Law enforcement explorers from around the state were sworn in Saturday as honorary deputies at the historic Ellis County Courthouse by Sheriff Johnny Brown.

The explorers took part in the first “Attention All Units” extreme exploring competition that was held in and around Waxahachie.

The competition was opened up with a prayer by sheriff’s office chaplain Bruce Stayments.

“Father, we thank you for this opportunity to come together to train, rehearse and to practice. God, we ask your blessing on this day and I thank you for every person here,” he said. “I pray a blessing for every young life here that endeavors to enter into this profession of law enforcement. We pray God that nothing would hinder them from entering this profession. I thank you, God, for placing vision and dreams in their heart of one day becoming a police officer.

“We thank you, God, that we live in this country, this United States of America, where there is rule of law,” he said. “Thank you, God, for those that have gone before and helped maintain that. Thank you for the officers that are here today that are presently maintaining that in our communities. So, God, we ask a blessing on today. We ask for safety for everyone that is here during this event and as they travel back home.”

Brown thanked everyone for their hard work and preparation of putting on the event. He then thanked the explorer posts for taking part. After giving the explorers the oath of honorary deputy sheriff, he asked them to show good sportsmanship while competing. 

Eleven teams competed in 10 events. The National Guard Armory on Grand Street served as the Sheriff’s Sub Station for the day where everything operated out of along with a dispatch center for the event.

Each team was required to bring a uniformed peace officer who drove a marked patrol vehicle from their agency to take the explorers to simulated calls dispatched through the radio.

Calls took place at actual locations such as businesses, model home or apartment that were prearranged for use with the permission of the property owner. Once at the call, the explorers took over and used their training to determine what the situation was and the action needed.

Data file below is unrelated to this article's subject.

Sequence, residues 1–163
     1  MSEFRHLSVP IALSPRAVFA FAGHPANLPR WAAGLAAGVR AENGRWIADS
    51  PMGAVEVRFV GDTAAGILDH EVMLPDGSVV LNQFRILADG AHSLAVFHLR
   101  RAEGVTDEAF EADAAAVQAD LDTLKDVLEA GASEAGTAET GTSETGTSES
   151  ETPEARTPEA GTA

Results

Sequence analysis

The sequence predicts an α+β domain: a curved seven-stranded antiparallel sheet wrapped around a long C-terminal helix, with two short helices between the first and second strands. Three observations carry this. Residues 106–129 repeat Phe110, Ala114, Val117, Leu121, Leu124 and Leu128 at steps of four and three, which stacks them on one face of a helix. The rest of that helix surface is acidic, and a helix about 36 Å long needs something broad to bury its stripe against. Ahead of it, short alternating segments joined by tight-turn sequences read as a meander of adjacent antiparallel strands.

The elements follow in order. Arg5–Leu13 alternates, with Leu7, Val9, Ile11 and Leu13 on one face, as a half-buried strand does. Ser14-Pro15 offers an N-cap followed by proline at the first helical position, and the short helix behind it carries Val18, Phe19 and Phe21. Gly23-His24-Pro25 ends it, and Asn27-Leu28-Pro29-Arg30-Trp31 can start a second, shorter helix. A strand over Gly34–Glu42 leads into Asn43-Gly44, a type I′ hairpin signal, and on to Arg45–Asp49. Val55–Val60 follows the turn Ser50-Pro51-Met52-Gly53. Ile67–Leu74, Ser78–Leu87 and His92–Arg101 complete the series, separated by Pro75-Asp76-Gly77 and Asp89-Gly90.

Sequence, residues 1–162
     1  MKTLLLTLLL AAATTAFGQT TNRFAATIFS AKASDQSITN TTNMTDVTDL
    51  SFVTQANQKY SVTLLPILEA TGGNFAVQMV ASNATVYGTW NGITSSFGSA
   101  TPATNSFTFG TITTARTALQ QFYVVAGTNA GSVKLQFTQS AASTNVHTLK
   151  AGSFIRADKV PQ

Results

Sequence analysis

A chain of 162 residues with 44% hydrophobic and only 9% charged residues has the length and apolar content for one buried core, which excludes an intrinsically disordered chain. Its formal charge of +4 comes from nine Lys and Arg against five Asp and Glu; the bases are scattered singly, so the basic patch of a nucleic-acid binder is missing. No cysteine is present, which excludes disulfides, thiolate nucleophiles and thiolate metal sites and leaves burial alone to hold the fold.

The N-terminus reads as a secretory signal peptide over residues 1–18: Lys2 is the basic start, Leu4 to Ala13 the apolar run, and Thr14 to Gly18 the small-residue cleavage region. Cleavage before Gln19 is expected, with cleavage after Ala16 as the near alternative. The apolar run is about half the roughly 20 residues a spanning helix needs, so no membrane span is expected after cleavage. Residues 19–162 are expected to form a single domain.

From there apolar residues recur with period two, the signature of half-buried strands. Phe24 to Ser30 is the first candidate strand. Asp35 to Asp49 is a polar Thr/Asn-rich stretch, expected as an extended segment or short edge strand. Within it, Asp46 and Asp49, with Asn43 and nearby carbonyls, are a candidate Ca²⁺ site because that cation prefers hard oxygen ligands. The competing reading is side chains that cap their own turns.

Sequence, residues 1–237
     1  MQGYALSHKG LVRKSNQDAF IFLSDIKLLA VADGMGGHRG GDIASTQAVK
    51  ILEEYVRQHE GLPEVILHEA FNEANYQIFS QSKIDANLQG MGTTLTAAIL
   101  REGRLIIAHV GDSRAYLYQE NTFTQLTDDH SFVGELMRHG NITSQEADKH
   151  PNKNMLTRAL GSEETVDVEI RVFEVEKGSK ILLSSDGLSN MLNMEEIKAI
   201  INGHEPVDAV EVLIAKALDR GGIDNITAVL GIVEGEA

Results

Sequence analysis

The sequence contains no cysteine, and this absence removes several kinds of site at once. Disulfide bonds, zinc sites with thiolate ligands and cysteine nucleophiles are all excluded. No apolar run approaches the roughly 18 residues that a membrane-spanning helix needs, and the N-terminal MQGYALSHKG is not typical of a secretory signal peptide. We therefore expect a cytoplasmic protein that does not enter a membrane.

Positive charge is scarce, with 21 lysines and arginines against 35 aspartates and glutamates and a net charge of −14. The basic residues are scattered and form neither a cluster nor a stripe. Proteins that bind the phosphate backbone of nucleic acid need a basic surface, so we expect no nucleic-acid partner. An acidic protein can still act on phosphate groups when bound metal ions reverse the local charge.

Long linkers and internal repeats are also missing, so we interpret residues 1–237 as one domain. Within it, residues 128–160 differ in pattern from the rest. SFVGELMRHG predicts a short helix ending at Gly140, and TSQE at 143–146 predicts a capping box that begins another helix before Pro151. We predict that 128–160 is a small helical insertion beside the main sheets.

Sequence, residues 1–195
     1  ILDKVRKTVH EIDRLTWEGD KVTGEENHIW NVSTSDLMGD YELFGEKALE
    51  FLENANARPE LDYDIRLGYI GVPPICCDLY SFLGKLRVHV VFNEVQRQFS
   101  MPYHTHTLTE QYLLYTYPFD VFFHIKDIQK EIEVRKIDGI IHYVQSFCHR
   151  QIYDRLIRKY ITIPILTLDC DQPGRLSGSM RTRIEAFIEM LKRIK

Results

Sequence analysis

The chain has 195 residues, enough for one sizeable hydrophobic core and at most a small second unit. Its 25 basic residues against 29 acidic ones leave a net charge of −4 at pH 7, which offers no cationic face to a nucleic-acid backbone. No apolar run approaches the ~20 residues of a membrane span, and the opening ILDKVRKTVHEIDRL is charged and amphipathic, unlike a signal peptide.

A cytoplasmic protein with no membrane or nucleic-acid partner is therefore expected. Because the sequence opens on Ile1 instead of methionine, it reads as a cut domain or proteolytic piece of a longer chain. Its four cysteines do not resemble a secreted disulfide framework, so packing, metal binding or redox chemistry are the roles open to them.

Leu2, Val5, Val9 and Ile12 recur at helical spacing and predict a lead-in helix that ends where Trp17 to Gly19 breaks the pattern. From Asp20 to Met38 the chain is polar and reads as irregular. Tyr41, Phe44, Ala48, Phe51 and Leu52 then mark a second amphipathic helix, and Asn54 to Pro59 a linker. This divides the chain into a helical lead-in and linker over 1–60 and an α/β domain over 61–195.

Calls included burglary in progress, domestic disturbance, call for police, crime scene investigation, felony traffic stop, misdemeanor traffic stop, police firearms simulator, accident investigation and arrest search and seizure.

“I think that your resources here are great and I think that makes the event so much better. Everyone has done simulation training to a certain extent. With the different buildings you have to go to, to do the scenarios at, in general is good,” Dallas Police Department post advisor and officer Andre Cloyd said.

“We are going to be implementing some of the things that we have learned here into what we do,” he said. “I’m sure that things will get better in time but I’m very impressed especially with this being the first time. We will definitely be back. The first time here is better than some places I have been.”

Explorer posts that participated in Saturday’s event were the Arlington Police Department, Corpus Christi Police Department, Dallas Police Department, Harris County Constable, Irving Police Department, Lake Jackson Police Department, Plano Police Department, Red Oak Police Department and the Waxahachie Police Department.

Lake Jackson explorer Lt. Travis Pate said Saturday’s event was “very challenging” because of having to navigate from call to call using a map.

Trophies were awarded to the Dallas Police Department for first place, Arlington Police Department for second place and the Corpus Christi Police Department for third place for overall event score. An individual trophy was awarded to Ricardo Hernandez of the Dallas Police Department explorer post for police firearms simulator event.

Red Oak Police Department advisor and Sgt. Jim Langham said Saturday’s event provided a unique learning opportunity for his explorers to take part in. He said the calls that were simulated in the scenarios were “very realistic” and his post will be back.

The capstone took place on the campus of Navarro College. Explorers were given an all units call to respond to the campus, where a mock shooting was staged. The teams were organized into who would make entry into the building first, who would handle the perimeter, traffic control and first aid to people who had been injured. To make the scene more realistic, CareFlite brought in a medical helicopter, which landed in the parking lot. Hollywood type special effects were used at the scene, including having actors with simulated gunshot wounds portray victims.

Waxahachie post advisor and Officer Wess Winn said Saturday’s event was well thought out and planned. Winn said that watching his explorers taking part in the event also had him thinking about what he would as an officer if placed in that situation. His team had a great time taking part and looks forward to what next year has in store, he said.

Ellis County Sheriff’s Office post advisor and Sgt. Matt Murrey said he wanted to say thanks to the National Guard for the use of its facility, the administration and staff of the sheriff’s office, parents of the explorers who have put in time helping and agencies from in and outside of the county that came together to make this a success.

For more information about the Ellis County Sheriff’s Office Exploring program, contact Murrey at 972-825-4946.

Contact Andrew at andrew.branca@wninews.com or 469-517-1458.